Cell Cycle and Morphogenesis Connections During the Formation of the Infective Filament in Ustilago maydis
Ustilago maydis is the causal agent of smut disease on corn plants. The infective process depends on the formation of a specific structure called infective filament consisting on a dikaryotic hyphae, which is required to penetrate the plant tissue. The formation of the infective filament in U. maydis is alike to a germination process, although it requires an intermediate mating step that links sexual development and virulence. This way, the induction of the pathogenic program implies strong morphological changes (bud to hypha transition) as well as genetic changes (haploid to dikaryotic transition). As a consequence, an accurate control of the cell cycle as well as morphogenesis is predicted during these transitions: the induction of the infective filament relies on a dual process that involves by one side a specific cell cycle arrest and in other side the specific activation of a hyperpolarization growth. Impairment of any of these processes will have as an outcome the inhibition of the virulence. This review has been framed in three major points: (1) Which transcriptional program is responsible for the induction of the infective filament formation, (2) How polar growth is regulated during the induction of the infective filament, and (3) Which mechanisms are responsible for cell cycle arrest during the infective filament formation.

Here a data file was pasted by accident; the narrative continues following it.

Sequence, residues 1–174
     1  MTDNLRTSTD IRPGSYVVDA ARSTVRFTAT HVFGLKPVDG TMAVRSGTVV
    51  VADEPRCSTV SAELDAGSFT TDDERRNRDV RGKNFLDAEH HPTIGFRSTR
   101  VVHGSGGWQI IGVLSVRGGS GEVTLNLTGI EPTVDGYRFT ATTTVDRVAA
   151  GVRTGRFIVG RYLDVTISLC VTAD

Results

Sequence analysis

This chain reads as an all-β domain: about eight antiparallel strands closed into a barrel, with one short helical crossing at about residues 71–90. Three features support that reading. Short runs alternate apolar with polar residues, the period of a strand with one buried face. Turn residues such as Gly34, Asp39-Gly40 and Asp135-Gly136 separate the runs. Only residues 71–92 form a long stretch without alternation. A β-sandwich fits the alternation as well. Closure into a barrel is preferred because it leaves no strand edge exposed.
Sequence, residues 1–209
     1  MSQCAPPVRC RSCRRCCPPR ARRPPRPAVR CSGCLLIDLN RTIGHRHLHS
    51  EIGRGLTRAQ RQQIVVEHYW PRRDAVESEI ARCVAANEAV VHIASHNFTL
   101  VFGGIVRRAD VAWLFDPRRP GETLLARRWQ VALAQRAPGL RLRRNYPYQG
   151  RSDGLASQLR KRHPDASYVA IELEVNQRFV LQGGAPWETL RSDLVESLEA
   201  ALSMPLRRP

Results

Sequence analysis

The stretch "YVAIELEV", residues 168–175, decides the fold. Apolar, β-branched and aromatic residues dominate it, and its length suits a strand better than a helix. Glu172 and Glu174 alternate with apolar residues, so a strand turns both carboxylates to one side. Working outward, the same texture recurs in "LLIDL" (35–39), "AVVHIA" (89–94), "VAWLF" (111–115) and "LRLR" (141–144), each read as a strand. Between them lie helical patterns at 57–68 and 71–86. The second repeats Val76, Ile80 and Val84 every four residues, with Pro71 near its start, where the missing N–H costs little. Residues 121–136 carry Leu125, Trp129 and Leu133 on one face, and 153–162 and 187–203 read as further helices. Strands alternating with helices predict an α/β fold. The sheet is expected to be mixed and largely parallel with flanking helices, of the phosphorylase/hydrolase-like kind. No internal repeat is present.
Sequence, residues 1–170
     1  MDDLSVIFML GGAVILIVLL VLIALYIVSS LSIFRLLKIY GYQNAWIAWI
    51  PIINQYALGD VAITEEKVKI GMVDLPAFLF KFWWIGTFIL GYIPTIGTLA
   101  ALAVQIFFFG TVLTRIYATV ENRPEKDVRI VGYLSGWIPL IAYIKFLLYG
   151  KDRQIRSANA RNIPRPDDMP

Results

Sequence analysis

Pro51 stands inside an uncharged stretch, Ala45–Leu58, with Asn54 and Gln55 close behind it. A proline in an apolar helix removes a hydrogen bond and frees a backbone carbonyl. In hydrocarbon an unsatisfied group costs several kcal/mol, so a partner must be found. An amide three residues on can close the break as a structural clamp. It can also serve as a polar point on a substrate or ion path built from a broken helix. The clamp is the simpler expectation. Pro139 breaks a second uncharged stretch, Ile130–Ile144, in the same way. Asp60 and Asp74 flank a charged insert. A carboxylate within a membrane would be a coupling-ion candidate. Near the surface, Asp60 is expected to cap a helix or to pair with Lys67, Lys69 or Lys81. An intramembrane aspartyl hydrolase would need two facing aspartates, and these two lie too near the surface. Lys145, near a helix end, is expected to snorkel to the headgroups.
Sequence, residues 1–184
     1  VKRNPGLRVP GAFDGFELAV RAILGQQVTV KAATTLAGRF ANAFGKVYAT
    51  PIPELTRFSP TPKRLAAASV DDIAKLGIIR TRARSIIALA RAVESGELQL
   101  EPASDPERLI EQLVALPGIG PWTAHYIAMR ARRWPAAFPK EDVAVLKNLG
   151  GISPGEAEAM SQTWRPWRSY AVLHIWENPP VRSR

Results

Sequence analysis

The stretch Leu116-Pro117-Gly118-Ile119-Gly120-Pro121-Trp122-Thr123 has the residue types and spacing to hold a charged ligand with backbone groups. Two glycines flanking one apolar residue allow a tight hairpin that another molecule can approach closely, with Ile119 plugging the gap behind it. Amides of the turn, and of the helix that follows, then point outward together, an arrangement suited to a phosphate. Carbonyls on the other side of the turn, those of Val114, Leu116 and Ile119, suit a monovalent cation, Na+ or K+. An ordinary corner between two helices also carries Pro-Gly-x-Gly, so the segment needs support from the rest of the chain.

KeywordsCell Cycle Arrest Haploid Cell Polar Growth Smut Fungus Pathogenic Development
Our research was financially supported by the SIGNALPATH Marie Curie Research Training Network (MRTN-CT-2005-019277) and by grant BIO2008-04054 from the Spanish Ministerio de Ciencia e Innovación (MICINN).